One weekend, a few years back, I had a buyer who wanted new construction. They had heard about a new neighborhood going up and wanted me to take them by for a look. Needless to say they loved the neighborhood. I started asking questions to the sales agent and was a little disturbed by what I heard. She told me they only had a few lots left so my buyers should act quickly. I commented how the neighborhood had just gone active two week prior and she informed me that 27 of the 30 lots had been bought by one investor from south Florida. He was building homes on every lot and then would sell them upon completion. I turned to my clients and advised them they might want to reconsider the location because there was no telling what would happen to the neighborhood since a investor had bought almost the entire thing.
Hate to say it but they did not take my advice. They put a home under contract and moved in six months later. They called me a year later, wanting to sell their home because they no longer wanted to raise their kids in the neighborhood. When I asked why, they said that the investor had not been able to sell most of the homes he built and was instead renting them out on the cheap. To them, the area was no longer safe because the entire neighborhood was renters. (Not to bash renters, but many just do not care for a home like a home owner would.) I had to tell them they were more than welcome to sell, but that the market had crashed and they would have to sell for less then they owed. It was not a pretty sight.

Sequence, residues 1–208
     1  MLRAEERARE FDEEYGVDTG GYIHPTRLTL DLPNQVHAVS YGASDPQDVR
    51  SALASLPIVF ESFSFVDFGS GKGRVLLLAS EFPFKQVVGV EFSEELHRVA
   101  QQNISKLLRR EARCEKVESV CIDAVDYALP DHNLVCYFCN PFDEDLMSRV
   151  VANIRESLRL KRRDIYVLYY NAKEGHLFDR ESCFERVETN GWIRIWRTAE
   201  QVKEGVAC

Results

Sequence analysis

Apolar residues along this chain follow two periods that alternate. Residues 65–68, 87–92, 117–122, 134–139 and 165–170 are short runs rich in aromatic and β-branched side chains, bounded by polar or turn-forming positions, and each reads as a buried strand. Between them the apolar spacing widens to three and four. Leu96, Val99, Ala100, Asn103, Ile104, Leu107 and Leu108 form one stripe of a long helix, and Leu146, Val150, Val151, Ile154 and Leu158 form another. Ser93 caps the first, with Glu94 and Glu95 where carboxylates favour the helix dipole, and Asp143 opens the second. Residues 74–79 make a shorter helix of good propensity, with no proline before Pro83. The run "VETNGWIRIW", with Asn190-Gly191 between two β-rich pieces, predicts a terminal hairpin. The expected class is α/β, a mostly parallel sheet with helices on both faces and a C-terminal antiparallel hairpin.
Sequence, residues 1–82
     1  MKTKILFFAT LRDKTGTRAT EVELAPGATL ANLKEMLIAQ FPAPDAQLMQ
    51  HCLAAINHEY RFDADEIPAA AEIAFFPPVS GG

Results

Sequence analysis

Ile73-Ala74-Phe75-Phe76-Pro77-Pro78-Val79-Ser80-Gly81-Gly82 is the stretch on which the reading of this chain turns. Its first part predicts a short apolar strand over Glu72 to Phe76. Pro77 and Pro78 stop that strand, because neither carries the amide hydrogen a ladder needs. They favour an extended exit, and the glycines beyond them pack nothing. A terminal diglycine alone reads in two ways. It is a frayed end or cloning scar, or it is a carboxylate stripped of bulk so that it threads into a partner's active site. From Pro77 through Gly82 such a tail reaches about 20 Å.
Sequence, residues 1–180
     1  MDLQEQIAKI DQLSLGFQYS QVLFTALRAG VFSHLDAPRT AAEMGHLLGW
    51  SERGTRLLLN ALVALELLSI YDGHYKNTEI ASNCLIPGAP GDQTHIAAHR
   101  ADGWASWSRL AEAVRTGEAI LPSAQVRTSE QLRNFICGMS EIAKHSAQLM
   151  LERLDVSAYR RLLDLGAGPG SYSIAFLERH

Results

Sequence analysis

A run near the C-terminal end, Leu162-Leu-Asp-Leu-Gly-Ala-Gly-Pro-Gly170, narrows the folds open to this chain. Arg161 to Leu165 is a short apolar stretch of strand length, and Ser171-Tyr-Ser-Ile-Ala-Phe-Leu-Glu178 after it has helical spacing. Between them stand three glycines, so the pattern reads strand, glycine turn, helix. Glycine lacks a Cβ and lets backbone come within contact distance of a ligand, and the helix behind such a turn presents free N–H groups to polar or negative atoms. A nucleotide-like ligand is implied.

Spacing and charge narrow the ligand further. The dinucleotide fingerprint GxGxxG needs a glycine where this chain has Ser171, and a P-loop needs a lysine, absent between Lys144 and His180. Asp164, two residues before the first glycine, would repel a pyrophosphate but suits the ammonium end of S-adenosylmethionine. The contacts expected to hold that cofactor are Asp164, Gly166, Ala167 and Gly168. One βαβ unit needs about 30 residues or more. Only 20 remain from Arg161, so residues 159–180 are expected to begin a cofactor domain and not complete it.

But my point of the story is that too many builders sold to "investors". (I have a hard time calling them that because a true investor holds for the long term. Short time investors should really be called "speculators" because they are speculating the making of money in a quick amount of time.) When the builders sold to investors, it artificially increased the need for housing. So builders kept building.
Now builders are finding themselves in the position where they need to unload lots of inventory. The speculators are gone, and so are the buyers. In order to keep themselves out of financial trouble, they are turning to events like the upcoming New Home Auction in Minneapolis. Many could have kept themselves out of this type of situation if they just would have had the courage to pull back on the reigns. But sadly, the need to profit out weighed the need to look into the future and see that the roller coaster ride was going to come to an end sooner or later.